On Verne’s Birthday: Michael Strogoff
And this being Jules Verne’s birthday, why not go and reread one of his books – or watch a movie basedon one of Verne’s books?
And KeithTaylor mentioned Michael Strogoff, and that’s quite a nice choice for Karavansara: an adventure yarn, set in the heart of Eurasia, and featuring chases, swashbuckling, heroics and derring-do.
All in a neat package, courtesy of one of the fathers of science fiction – but here applying his skills to a spy thriller of sorts.
It is also one of the titles on which my generation cut its teeth as readers. But we’ll get to that.
Michael Strogoff: The Courier of the Czar was published in 1876, and was an instant success. Indeed, it is still regarded today as one of Verne’s finest. It is to this day, together with Around the World in 80 Days, Verne’s bestseller. Published as part of the Voyages Extraordinaires it has a little science in it, but is a straight adventure story, with an espionage twist and a lot of exotic detail (also thanks to Ivan Turgenev’s support as content editor).
The plot in a nutshell: a man has to ride through Siberia and reach Irkutsk to warn the local governor that a traitor – a former officer of the Czar’s army – has joined the rebellious Tartars.
Along the way he meets a young woman, fights a bear bare-handed, is captured, blinded with a red-hot iron, regains his sight, has his revenge, and gets the girl.
The protagonist is Michael Strogoff (Michel in the original French version) a messenger for the Czar and a native of the region in which he has to travel. Strogoff is upright and loyal and courageous and all of those things1, but with a streak of Russian sentimentality, he has a strong connection with his mother, that turns out to be his Achilles’ heel.
While not a science fiction story, the whole shebang relies on a colossal implausibility – the idea that the Tartars could revolt against the Czar’s authority and be a serious menace. A believable scenario in the 16th or 17th century, but highly unlikely in the second half of the 19th century.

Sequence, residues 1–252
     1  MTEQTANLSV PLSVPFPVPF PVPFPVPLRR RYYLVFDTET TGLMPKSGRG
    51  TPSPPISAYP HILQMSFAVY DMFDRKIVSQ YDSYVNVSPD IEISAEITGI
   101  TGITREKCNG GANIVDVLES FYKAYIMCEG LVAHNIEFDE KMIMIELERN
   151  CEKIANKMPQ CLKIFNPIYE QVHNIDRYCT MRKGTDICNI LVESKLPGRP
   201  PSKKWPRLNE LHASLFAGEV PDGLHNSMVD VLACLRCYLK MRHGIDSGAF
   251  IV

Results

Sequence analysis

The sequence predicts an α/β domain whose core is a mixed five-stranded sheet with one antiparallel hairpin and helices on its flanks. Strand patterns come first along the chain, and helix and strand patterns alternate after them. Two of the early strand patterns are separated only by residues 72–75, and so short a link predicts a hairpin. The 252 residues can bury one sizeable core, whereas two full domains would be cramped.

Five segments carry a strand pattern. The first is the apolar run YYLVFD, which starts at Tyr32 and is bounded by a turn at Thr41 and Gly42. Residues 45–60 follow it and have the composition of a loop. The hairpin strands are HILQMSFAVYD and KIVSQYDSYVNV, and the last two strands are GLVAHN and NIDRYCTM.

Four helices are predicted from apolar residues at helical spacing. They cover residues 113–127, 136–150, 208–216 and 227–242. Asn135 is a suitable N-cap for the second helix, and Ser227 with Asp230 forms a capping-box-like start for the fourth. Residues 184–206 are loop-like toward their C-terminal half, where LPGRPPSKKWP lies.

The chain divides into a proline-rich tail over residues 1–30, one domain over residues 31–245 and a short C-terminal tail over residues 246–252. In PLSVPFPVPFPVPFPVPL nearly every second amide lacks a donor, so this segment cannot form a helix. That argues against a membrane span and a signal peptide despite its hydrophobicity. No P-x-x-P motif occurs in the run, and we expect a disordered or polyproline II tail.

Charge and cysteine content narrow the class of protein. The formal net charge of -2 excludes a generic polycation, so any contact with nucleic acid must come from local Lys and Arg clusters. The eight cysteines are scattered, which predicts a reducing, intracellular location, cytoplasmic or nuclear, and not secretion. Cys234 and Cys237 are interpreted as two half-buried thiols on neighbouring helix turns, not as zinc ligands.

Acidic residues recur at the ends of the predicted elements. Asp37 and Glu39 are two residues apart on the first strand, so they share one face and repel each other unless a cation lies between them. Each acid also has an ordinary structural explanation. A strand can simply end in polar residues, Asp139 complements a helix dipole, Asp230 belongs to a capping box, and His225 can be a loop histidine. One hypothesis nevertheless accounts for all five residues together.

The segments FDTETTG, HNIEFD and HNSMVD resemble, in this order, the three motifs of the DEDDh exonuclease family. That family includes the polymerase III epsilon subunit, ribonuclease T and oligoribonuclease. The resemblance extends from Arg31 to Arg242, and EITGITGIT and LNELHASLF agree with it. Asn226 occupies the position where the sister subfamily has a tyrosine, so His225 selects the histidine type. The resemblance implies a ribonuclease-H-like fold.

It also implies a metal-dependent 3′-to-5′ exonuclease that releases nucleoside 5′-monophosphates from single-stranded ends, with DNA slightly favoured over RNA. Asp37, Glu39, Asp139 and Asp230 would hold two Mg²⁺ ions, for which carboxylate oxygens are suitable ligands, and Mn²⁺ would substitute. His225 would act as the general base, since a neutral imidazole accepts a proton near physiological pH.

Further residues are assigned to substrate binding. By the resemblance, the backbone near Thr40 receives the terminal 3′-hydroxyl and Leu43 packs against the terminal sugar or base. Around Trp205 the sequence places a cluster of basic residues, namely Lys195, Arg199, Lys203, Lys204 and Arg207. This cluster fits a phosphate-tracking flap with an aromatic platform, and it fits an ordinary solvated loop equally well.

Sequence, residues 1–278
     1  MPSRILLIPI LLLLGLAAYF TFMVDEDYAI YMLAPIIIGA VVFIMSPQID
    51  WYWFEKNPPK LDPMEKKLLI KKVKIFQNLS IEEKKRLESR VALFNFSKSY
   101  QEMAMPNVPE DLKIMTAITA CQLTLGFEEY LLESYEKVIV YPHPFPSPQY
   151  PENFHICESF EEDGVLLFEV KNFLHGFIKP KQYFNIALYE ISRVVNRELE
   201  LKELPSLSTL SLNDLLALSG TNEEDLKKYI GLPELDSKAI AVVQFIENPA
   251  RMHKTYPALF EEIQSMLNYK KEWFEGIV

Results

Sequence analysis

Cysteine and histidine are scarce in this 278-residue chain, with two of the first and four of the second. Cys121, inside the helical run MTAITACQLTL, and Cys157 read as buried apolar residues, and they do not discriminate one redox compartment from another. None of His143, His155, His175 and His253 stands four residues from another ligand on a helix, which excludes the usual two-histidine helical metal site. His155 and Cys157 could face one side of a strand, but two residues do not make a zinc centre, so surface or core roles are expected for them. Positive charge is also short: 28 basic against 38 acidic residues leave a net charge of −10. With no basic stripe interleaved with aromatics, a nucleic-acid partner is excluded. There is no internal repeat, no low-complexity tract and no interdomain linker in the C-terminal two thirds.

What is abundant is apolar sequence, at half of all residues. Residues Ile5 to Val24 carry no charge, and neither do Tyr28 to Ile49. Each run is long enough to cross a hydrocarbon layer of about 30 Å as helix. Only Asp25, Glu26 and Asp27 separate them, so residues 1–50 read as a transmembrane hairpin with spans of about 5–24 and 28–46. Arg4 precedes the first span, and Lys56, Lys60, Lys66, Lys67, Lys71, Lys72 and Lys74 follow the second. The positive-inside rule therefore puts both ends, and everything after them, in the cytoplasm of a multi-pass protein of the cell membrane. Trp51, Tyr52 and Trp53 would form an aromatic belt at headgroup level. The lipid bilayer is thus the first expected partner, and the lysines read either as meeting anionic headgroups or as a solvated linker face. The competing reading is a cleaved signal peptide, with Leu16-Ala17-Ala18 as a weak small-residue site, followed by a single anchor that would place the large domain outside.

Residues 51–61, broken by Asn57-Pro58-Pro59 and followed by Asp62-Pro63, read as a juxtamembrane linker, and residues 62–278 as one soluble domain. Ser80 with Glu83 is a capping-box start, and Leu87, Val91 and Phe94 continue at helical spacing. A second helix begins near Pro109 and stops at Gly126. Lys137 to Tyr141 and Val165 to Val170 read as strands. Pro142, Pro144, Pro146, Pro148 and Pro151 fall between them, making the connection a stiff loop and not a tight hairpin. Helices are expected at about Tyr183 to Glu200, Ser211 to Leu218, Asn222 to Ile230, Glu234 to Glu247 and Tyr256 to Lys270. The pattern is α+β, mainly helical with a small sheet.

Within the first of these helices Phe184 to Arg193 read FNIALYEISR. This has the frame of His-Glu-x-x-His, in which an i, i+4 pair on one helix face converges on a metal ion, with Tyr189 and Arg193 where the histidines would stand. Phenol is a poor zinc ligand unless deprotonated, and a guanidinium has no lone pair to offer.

And if solid and reliable Strogoff is sometimes tiresome in his dedication to duty, his courage and his resourcefulness, it’s the supporting cast that’s really memorable. The British journalist Harry Blount and the French photographer Alcide Jolivet act as chorus and comedy relief, and have a few surprises in store of their own. The bad guy Ivan Ogareff does have a certain tragic stature, but is overshadowed by the Tartar hussy Sangarre, one of the few memorable women in Verne’s opus.
All in all, a great story – that you can find as a free ebook on the Project Gutenberg – that was turned in a number of movies, starting in 1908.
In a comment to the previous post I mentioned the 1975 four-part miniseries that was a big hit with my school mates, but I guess we should also mention the 1956 French-Italian movie version with Curd Jurgens as Strogoff, and the 1970 version featuring John Philip Law in the titular role.
I understand that Michael Strogoff is not well known in the English-speaking world – where Verne’s most popular books are probably Journey to the Center of the Earth and 20.000 Leagues Under the Sea.
Conversely Michael Strogoff is particularly popular in Italy because it is not science fiction, but a bona fide historical novel, and thus fits the obsession with “realistic literature” that plagues our school curricula. I do not know what is the current state of affairs, but through most of the 20th century it was a staple of school libraries, it was strongly suggested as a summer read for schoolboys and, together with Jack London’s White Fang, Mark Twain’s Tom Sawyer and Charles Dickens David Copperfield, it was one of the books that any kid around 10 years old was likely to get as a Christmas gift. And seriously, there are worse choices of reading matter for a young boy (young girls had to make do with Little Women, Black Beauty and Heidy).
So, here goes.
Check it out: Michael Strogoff could well be the perfect Verne book for the readers of Karavansara.